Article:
Protecting & Conserving California's Water

Safe and Affordable Drinking Water Needs Recognized in California's Budget

Advocates Say Administration and Legislature Must Create a Sustainable Funding Source to Guarantee Safe Water

California Currents - Summer 2016

California Currents - Spring | Summer 2016

In this issue: Cast your vote for clean water; Standing up to Big Oil; Still in the Pits; Legislative priorities; and more

TCP in California's Drinking Water

Because pesticides are meant to kill living organisms, they are by their nature, toxic. However one chemical — 1,2,3-TCP, or Trichloropropane — was particularly toxic to humans and persistent in the environment.

Perchlorate in California's Drinking Water

California is one of only two states that have set enforceable drinking water standards for the chemical perchlorate in drinking water.

From We All Live Downstream

October 10, 2017

Those of you reading the New York Times will have seen the recent story on spiking Fentanyl deaths across America.

America’s opioid epidemic is drawing public attention to a less-considered side effect of mushrooming dependence on prescription medications: water pollution by pharmaceuticals. And that’s where we at Clean Water Action come in.

July 19, 2017

Yesterday, the State Water Resources Control Board voted to create a new legal limit on 1,2,3-Trichloroproane (TCP), a man-made, carcinogenic drinking water contaminant found across California. This is the culmination of years of work from Clean Water Action members like you, holding Shell Oil and Dow Chemical accountable for their failure to put public health above their profits, when they first learned of the dangers of TCP.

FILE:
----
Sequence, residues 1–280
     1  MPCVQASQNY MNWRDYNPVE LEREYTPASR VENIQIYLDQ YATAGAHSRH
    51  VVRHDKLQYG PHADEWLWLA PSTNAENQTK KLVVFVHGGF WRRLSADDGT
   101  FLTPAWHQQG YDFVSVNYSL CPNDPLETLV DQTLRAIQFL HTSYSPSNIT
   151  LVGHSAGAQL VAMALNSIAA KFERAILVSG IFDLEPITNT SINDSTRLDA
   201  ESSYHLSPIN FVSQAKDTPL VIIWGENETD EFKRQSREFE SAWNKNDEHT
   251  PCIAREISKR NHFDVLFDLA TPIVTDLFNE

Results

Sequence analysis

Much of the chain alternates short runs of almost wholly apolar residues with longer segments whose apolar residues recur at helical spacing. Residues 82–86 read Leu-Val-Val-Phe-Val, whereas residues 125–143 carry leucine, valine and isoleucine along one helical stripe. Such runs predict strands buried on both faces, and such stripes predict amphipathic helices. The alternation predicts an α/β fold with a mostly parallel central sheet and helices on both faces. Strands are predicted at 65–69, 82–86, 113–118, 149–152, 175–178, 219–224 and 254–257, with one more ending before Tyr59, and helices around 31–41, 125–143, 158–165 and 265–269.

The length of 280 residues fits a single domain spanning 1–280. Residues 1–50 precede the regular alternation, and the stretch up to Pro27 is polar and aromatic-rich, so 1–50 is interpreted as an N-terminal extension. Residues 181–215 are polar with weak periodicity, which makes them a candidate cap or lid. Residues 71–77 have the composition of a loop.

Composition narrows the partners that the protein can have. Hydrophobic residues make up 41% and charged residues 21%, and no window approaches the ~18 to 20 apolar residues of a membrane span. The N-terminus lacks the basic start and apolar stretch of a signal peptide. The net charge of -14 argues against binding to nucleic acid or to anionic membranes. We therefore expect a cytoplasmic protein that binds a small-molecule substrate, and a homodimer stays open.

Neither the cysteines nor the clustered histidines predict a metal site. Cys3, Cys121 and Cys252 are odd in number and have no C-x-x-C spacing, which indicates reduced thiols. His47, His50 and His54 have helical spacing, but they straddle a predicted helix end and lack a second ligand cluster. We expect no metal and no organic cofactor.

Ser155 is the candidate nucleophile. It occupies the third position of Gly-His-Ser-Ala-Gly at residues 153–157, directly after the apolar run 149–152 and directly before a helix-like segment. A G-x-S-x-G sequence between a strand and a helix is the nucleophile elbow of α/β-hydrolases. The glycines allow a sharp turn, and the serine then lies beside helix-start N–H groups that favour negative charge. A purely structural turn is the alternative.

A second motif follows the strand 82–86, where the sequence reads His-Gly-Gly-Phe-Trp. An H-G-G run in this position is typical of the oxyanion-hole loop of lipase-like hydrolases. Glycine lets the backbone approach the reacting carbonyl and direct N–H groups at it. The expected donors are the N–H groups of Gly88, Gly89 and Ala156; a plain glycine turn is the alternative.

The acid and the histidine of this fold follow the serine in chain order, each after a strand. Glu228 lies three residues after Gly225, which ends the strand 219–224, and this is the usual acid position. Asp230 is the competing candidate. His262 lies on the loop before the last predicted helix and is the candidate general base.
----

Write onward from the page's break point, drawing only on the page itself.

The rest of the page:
Now comes the hard work as water agencies work to comply with the new rule. 

February 15, 2017

Our California Water Program Manager, Jennifer Clary, moderated a well-attended breakout session at the Green California Summit in Sacramento this morning on "Funding Safe and Affordable Drinking Water."

The problem being discussed: There are more residents in California whose drinking water standards are failing than the entire population of Flint, Michigan.

You can take action here now to join us in making the call for the state to create a fund to address the problem.